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Hoffmann, R. A wiki for the life sciences where authorship matters. Nature Genetics (2008)

Mutations in a beta-tubulin disrupt spindle orientation and microtubule dynamics in the early Caenorhabditis elegans embryo.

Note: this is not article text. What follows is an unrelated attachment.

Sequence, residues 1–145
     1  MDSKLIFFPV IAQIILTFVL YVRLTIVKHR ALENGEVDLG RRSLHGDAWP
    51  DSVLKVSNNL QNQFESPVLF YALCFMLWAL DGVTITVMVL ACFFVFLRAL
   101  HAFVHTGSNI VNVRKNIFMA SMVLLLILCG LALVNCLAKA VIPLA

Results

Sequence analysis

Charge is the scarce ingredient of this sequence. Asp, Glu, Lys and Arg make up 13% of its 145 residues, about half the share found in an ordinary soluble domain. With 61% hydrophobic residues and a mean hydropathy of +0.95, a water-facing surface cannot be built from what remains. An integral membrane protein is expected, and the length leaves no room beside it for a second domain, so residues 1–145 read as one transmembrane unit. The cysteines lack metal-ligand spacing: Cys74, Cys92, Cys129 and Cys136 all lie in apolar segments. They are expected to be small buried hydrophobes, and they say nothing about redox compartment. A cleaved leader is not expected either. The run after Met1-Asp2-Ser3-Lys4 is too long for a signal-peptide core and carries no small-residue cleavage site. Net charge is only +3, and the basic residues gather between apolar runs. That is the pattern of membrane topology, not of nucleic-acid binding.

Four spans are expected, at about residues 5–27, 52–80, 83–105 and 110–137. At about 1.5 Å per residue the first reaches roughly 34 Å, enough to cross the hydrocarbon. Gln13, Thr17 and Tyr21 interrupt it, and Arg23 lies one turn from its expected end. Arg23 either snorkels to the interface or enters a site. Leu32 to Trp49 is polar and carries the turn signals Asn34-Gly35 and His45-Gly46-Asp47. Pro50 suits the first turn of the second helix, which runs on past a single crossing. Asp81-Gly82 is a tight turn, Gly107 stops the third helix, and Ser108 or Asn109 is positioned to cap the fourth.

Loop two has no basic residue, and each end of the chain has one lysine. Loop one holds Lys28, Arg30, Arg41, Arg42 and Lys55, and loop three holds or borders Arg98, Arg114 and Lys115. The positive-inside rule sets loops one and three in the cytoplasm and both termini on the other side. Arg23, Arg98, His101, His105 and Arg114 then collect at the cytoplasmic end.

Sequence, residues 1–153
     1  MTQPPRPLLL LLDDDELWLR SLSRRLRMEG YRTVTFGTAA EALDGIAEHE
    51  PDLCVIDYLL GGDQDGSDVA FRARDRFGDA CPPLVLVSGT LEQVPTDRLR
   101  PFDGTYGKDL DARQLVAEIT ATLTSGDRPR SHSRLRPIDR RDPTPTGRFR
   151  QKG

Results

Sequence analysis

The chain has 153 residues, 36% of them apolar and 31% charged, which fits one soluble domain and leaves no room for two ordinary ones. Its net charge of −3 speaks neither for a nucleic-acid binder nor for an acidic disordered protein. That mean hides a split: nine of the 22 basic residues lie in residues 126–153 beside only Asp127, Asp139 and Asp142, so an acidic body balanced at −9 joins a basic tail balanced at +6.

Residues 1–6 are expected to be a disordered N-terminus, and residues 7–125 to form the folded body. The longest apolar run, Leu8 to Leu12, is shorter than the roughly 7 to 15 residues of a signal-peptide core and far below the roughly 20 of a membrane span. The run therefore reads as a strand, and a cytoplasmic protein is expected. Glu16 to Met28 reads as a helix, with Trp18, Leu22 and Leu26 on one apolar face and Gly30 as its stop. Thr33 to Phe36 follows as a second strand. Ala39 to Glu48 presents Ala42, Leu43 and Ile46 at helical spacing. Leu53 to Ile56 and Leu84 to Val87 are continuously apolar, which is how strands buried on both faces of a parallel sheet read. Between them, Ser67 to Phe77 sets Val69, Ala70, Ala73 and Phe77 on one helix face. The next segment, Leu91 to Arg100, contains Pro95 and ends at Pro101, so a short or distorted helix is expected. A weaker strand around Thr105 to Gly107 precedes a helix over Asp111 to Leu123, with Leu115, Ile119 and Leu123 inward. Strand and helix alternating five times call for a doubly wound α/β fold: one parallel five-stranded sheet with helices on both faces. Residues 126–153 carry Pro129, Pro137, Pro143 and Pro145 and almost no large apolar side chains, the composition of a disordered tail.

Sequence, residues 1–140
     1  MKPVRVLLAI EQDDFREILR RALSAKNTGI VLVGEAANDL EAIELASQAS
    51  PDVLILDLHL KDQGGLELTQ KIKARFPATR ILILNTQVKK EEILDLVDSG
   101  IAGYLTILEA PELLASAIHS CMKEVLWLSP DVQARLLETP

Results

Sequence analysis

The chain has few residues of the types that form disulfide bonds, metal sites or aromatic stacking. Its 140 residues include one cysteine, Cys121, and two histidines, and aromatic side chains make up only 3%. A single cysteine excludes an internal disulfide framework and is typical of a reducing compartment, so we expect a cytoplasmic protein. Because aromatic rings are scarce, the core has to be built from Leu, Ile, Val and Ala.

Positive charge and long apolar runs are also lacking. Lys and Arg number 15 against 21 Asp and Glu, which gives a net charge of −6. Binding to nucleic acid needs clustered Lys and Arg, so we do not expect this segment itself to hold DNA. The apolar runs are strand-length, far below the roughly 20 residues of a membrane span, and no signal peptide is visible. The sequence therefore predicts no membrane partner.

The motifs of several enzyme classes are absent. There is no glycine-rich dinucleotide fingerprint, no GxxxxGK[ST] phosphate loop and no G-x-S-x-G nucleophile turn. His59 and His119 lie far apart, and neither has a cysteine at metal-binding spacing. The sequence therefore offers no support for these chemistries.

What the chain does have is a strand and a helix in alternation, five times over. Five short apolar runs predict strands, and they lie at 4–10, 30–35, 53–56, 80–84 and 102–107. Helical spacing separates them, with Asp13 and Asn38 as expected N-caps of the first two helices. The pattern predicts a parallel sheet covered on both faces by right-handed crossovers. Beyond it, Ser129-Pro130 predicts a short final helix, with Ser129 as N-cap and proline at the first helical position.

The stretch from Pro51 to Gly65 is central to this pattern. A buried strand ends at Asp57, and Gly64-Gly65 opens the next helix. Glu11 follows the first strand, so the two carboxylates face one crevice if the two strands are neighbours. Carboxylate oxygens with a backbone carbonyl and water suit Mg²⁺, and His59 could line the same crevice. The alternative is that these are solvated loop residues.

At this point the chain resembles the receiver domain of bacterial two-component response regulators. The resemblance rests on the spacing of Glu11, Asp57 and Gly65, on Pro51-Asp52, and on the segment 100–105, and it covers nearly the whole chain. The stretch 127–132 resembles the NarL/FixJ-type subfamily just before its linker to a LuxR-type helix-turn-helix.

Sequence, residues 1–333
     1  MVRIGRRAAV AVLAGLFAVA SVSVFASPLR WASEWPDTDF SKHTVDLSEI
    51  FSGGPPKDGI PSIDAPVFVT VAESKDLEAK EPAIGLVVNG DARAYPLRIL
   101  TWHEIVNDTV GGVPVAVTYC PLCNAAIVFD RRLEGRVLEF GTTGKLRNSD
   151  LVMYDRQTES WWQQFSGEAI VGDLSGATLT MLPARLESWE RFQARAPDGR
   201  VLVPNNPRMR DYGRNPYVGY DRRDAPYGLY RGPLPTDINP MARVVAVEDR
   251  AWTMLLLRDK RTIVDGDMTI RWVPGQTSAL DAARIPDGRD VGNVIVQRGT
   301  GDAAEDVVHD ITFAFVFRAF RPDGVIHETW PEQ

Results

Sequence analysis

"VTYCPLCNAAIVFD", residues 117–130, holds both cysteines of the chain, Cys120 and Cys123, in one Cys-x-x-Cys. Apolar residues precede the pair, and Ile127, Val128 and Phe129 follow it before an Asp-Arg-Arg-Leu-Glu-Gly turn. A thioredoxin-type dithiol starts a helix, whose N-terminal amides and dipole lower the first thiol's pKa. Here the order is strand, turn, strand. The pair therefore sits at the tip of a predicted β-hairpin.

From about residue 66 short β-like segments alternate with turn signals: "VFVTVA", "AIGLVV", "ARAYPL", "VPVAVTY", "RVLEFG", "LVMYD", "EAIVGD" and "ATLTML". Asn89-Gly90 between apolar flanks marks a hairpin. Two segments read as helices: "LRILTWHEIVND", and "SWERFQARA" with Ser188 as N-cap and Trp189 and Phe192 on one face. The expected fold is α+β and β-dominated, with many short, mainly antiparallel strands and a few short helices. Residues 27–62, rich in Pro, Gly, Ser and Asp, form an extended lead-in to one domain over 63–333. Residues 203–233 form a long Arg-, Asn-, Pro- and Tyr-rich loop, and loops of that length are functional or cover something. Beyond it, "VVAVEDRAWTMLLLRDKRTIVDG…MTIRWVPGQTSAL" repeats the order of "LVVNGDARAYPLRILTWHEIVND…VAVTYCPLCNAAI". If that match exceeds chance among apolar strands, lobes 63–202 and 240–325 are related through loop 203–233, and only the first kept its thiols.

The early Caenorhabditis elegans embryo contains abundant transcripts for two alpha- and two beta-tubulins, raising the question of whether each isoform performs specialized functions or simply contributes to total tubulin levels. Our identification of two recessive, complementing alleles of a beta-tubulin that disrupt nuclear-centrosome centration and rotation in the early embryo originally suggested that this tubulin, tbb-2, has specialized functions. However, embryos from tbb-2 deletion worms do not have defects in nuclear-centrosome centration and rotation suggesting that the complementing alleles are not null mutations. Both complementing alleles have distinct effects on microtubule dynamics and show allele-specific interactions with the two embryonically expressed alpha-tubulins: One of the alleles causes microtubules to be cold stable and resistant to the microtubule-depolymerizing drug benomyl, whereas the other causes cell cycle-specific defects in microtubule polymerization. Gene-specific RNA interference targeting all four embryonically expressed tubulin genes singly and in all double combinations showed that the tubulin isoforms in the early embryo are largely functionally redundant with the exception of tbb-2. tbb-2 is required for centrosome stabilization during anaphase of the first cell division, suggesting that tbb-2 may be specialized for interactions with the cell cortex.[1]


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